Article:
gold investment, silver investment

Precious metals investment terms A to Z

Overnight Trading

In this instance trading refers to the buying and selling of financial products, currencies and commodities which take place on international markets. The improvement in information technology has opened access to a variety of financial markets across the globe and on some types of market (such as currency markets), it is now possible to trade 24 hours a day.

When a trader buys a financial product or commodity or makes a sale, he is taking up a position with regard to that product. Overnight trading entails the taking up of a position (buy or sell) which is not liquidated during the trading day or requesting a trade which will be executed after the trading day has closed. Thus the trader is said to have an overnight trading position as it is likely that the position will remain in place overnight or until the opening of the new trading day.

Overnight trading is deemed to be extremely risky as events may unfold which will affect the trader’s position and may have a significant effect on his/her portfolio which cannot be changed until the next trading day. For example, if you have bought gold futures and have not closed your position by the end of the trading day, then you will not be able to sell that position until the next trading day, by which time a global event may have significantly altered the value of the yellow metal. Overnight trading effectively means that traders cannot control their risk exposures and become hostages of fate as they cannot modify their positions until the new trading day commences. Overnight gold trading is especially risky when leverage is used as the risks are multiplied many times as a single unfortunate even could wipe a trader out (naturally, the same applies to other assets).

Whilst the market is open risks can be somewhat mitigated by the use of stop losses and pre-determined sell levels. Stop losses are instructions to the broker to liquidate a specific position if a certain loss making price is reached. For example, if a trader buys at 100, he may put in a stop loss order at 80, thus limiting his possible losses. A sell level is the converse of a stop loss in which the trader issues an instruction to sell the security if a certain profit making price is realised. Though sell levels reduce potential profits to the sell level amount they may be useful in volatile markets.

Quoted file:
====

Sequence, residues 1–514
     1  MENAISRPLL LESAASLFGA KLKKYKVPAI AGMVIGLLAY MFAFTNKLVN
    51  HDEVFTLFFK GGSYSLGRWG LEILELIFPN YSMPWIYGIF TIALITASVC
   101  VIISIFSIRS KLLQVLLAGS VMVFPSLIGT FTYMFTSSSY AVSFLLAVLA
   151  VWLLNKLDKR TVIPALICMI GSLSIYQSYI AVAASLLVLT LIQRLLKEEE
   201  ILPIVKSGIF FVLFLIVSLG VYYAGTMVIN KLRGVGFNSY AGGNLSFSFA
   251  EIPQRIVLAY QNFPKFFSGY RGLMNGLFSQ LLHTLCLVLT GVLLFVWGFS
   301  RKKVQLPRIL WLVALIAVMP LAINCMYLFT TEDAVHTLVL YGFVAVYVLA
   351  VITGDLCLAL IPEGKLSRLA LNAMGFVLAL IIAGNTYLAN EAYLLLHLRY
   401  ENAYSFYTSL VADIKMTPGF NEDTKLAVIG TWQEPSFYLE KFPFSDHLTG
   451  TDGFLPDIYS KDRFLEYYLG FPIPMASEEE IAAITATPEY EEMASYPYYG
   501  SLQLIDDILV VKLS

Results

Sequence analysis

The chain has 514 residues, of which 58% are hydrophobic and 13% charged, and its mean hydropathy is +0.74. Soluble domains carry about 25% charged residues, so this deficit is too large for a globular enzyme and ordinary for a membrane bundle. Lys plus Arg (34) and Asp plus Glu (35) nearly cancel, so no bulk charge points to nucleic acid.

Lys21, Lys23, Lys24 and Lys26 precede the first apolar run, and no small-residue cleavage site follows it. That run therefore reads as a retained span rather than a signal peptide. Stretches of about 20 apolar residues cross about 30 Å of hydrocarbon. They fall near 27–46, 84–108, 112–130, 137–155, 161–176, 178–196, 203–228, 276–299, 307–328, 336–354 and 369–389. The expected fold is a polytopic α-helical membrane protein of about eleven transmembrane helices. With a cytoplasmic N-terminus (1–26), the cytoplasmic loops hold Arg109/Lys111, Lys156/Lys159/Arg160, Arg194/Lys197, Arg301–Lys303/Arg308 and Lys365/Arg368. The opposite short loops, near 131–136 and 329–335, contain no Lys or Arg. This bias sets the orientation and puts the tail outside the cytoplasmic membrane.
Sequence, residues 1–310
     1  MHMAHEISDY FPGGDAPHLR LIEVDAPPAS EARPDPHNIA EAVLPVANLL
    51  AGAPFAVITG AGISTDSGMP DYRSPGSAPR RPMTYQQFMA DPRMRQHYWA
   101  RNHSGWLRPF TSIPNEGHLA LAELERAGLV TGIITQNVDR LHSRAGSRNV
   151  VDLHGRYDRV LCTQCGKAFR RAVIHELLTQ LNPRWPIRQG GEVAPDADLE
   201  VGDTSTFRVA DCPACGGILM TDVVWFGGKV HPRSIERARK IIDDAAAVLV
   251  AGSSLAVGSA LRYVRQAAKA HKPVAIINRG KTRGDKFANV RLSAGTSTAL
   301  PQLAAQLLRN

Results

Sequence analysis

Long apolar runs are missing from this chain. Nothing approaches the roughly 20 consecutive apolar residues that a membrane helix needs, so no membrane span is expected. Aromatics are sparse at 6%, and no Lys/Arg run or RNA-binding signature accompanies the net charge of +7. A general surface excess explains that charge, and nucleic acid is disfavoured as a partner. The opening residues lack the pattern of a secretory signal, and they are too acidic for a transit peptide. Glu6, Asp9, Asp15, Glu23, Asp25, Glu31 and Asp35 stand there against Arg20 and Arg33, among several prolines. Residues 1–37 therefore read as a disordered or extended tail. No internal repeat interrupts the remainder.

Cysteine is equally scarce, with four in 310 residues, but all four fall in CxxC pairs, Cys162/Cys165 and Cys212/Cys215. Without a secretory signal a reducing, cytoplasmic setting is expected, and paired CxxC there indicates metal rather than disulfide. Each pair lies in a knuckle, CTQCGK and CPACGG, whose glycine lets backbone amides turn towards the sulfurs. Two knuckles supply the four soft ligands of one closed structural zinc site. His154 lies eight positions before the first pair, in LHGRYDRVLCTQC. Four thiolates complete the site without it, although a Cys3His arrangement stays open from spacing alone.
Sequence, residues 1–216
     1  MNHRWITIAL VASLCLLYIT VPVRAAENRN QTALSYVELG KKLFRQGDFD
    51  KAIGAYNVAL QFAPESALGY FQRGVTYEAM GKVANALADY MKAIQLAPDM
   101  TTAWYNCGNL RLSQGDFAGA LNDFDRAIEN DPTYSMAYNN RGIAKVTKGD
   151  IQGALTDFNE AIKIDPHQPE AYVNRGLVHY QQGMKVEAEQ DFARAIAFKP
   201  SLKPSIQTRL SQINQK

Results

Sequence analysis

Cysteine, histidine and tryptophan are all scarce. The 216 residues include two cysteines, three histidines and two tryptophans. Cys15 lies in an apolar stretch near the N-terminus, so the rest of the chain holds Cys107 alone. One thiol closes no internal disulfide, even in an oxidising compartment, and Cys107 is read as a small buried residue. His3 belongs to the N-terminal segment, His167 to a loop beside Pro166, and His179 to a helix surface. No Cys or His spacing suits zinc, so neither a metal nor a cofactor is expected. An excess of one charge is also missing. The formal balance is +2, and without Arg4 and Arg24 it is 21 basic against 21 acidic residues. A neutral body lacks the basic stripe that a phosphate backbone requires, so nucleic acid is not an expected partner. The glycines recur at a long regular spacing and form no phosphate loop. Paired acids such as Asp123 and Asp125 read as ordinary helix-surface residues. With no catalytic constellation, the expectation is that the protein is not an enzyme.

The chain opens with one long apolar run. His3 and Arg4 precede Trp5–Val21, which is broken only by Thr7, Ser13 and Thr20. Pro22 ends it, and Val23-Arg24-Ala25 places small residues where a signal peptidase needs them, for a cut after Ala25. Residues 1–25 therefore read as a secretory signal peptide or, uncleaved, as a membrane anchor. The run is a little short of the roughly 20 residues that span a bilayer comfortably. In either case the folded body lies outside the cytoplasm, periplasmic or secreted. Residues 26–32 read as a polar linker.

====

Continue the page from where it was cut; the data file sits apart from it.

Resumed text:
For example, if the trader buys at 100 and sets a sell level of 120 and the price subsequently reaches 120 then he/she will have locked in their profits. If the market subsequently falls to 90 they will not incur any losses as the trade would have been closed out at the 120 level. These tools to limit risks are not available on overnight trading positions and stop loss orders will only be executed at levels as close as possible to the pre-determined level once the market re-opens.

The overnight trading is associated with a risk of loss if things become unfavorable when markets are closed and one is unable to close their position. Therefore, traders should be sure to use only a small portion of their portfolio for each trade. Long-term investors should make sure that they hold their precious metals in the form that is safe from this overnight risk - like physical bullion.

We hope you enjoyed reading the above definition. If you'd like to learn more about gold and in particular about its most recent price swings and their implications, we invite you to sign up for our gold newsletter. It's free and if you don't like it, you can easily unsubscribe. Sign up today.

Did you enjoy the article? Share it with the others!

tops prediction corrections in gold

menu subelement hover background